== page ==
Deep C# - Passing Parameters
Written by Mike James   
Thursday, 19 November 2015
Article Index
Deep C# - Passing Parameters
Pass by reference
Making Clones

Pass by reference

If you want to you can pass parameters by reference and in this case things can seem even more complicated but it is very important to understand what is happening if you are going to avoid even more subtle bugs.




If you want to pass a value type as if it was a reference type you can.

All you have to do is to use the keyword ref in front of the appropriate parameter.

For example, if you write the original pass by value method as:

void MyMethod(ref PointV a)
 a.x = 10;

Notice that PointV is a stuct and a value type.

Now if we create an instance of the PointV struct in the value variable b and set its x field to 5 there is absolutely no difference:

PointV b=new PointV();
b.x = 5;

You can see that we have a value variable with the appropriate field values as before:




However when we call MyMethod with a pass by reference parameter

MyMethod(ref b);

things are very different.

Now the local variable a is a reference to the variable b and what you do to a.x is done to b.x with the result that the change is made to the data in the calling method as shown below




As always when MyMethod terminates all of the local variables including a are destroyed but in this case the change to b persists as shown below.




The overall result is that b.x is changed to 10.

This looks like the same behaviour that we got when passing a reference type by value but notice it is a different mechanism.

In this case the value assigned to b has been changed whereas in the case of pass by value the value assigned to b did not change.


Passing a reference type by reference

To see how pass by reference really differs from pass by value you have to consider passing a reference type by reference.

If we just repeat the same MyMethod with a reference type passed by reference the result is exactly the same - that is the object on the heap has its b.x field changed.

However how this happens is very different because in this case a is a reference to the b variable as in the previous case. When we make a change to a.x this change is passed on to b.x and the object on the heap is changed. That is a references b and so a.x is the same thing as b.x. 

To see that this is really what happens we need to modify the example slightly.

void MyMethod(ref PointR a)
 a=new PointR();

This simply assigns a new PointR object created on the heap to the parameter. That is PointR is a reference type.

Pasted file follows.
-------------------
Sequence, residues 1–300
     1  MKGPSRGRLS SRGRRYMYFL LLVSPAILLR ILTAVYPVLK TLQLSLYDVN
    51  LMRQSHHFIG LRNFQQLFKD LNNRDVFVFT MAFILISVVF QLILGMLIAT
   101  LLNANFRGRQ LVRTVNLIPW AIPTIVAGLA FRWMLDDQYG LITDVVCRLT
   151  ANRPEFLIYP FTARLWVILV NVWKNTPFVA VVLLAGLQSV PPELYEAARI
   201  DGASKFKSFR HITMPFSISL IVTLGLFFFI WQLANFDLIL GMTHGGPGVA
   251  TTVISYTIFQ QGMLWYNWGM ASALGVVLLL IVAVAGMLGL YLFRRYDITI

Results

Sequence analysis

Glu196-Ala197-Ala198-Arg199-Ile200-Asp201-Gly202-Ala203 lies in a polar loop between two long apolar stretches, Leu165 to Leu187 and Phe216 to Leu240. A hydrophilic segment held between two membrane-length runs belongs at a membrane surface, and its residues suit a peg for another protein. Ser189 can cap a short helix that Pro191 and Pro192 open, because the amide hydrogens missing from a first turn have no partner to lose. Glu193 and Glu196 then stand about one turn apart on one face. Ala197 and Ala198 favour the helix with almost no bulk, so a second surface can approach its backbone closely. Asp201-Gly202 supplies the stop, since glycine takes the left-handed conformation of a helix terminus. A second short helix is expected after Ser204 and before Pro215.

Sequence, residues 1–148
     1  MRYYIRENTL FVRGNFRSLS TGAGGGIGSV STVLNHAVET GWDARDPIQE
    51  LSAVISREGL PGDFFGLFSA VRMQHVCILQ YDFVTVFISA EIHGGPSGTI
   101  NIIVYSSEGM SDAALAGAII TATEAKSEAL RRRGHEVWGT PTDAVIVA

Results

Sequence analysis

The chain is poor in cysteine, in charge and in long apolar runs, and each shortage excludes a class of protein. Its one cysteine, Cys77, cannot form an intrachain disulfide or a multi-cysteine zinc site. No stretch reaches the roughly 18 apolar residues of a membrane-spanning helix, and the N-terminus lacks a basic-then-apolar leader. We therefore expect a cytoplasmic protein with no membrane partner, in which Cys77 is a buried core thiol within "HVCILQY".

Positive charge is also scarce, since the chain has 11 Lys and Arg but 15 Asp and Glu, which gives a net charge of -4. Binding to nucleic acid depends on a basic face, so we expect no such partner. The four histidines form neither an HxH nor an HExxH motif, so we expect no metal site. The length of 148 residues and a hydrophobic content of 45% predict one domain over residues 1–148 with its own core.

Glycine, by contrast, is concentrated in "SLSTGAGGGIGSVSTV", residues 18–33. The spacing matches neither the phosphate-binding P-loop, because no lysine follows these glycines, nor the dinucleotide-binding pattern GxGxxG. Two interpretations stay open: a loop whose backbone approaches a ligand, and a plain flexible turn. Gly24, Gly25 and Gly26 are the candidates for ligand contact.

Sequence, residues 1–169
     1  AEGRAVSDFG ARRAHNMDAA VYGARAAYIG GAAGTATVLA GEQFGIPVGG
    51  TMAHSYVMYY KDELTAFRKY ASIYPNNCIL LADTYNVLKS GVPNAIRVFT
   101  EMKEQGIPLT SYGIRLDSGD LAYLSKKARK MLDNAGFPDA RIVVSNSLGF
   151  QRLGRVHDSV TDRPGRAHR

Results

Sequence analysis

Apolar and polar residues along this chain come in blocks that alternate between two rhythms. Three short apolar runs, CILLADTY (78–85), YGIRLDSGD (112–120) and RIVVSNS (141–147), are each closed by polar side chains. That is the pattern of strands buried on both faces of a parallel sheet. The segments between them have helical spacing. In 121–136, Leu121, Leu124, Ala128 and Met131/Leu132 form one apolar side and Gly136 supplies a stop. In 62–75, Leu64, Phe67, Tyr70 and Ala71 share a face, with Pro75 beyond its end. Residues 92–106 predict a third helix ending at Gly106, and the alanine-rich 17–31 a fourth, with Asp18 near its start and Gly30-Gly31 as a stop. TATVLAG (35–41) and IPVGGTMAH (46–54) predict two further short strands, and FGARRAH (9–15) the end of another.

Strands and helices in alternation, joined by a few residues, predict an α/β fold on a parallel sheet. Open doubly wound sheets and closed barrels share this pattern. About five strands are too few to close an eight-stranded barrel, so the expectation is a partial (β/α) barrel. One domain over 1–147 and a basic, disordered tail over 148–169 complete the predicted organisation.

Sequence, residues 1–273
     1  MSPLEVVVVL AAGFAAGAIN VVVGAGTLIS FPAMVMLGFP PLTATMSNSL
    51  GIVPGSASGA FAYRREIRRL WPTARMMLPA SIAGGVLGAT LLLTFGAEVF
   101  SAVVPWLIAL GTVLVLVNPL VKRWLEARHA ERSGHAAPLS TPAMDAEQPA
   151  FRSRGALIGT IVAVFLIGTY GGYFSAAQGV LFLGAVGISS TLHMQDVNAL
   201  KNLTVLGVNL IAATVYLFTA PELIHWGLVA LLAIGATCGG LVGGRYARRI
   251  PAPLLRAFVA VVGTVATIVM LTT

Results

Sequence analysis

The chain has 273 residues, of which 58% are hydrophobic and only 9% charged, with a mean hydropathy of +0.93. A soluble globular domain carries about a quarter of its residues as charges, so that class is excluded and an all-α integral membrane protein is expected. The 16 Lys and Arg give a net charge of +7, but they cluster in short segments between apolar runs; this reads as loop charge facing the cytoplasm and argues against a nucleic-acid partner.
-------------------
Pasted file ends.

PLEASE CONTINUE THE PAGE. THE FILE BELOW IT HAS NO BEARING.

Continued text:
If this was pass by value the result would be that b isn’t changed by a change to a and so when MyMethod ended a would still point to the same object. However pass by reference makes a reference to the b variable so changes on a are passed on to b.

Going through the same steps we first create a new object for b to reference on the heap and change its x field to 5:

PointR b=new PointR();
b.x = 5;

The result is as shown below



Now when we call MyMethod with b as a reference parameter:

MyMethod(ref b);

what happens is that a new PointV object is created on the Heap and all its fields are set to default values. Next a is assigned a reference to this new object but as a is just a reference to b it is be that is changed to be a reference to the new object as shown below.



Of course as always when MyMethod terminates the local variables including a are destroyed but now in addition we have an orphaned object on the heap which will also be destroyed, eventually, by the garbage collector.

With the final result that the new object created by MyMethod is left for the rest of the program to work with as shown below.



As long are you keep in mind the two principles that passing by value never changes the passed variable whereas pass by reference can make changes you should be able to work out what is going on.

For example, what do you think happens in the previous example if you pass the reference type by value i.e. remove the ref keyword?

You should be able to see that in this case it is the new object which is orphaned when MyMethod returns because now there are no remaining references to it.




An old fashioned way of explaining this behaviour is to say that a when you pass by reference you are passing a pointer to the variable in the calling program. References after all are simply safe pointers.  

When the variable passed is a value type we have a pointer to the value. 

When the variable passed is a reference type then it is already a pointer to an object in its own right and we have a pointer to a pointer to object. 


In short:

All variables are by default passed by value.

For value and reference types any changes made to the parameter are lost when the method returns. However for reference types any changed made to the object that a parameter references are permanent.

If you opt to pass variables by reference using the “ref” keyword then in all cases what is passed into the method is a reference to the parameter. If you change the parameter, or any object that it might reference, within the method then the change is permanent in the object and the parameter.

Last Updated ( Thursday, 19 November 2015 )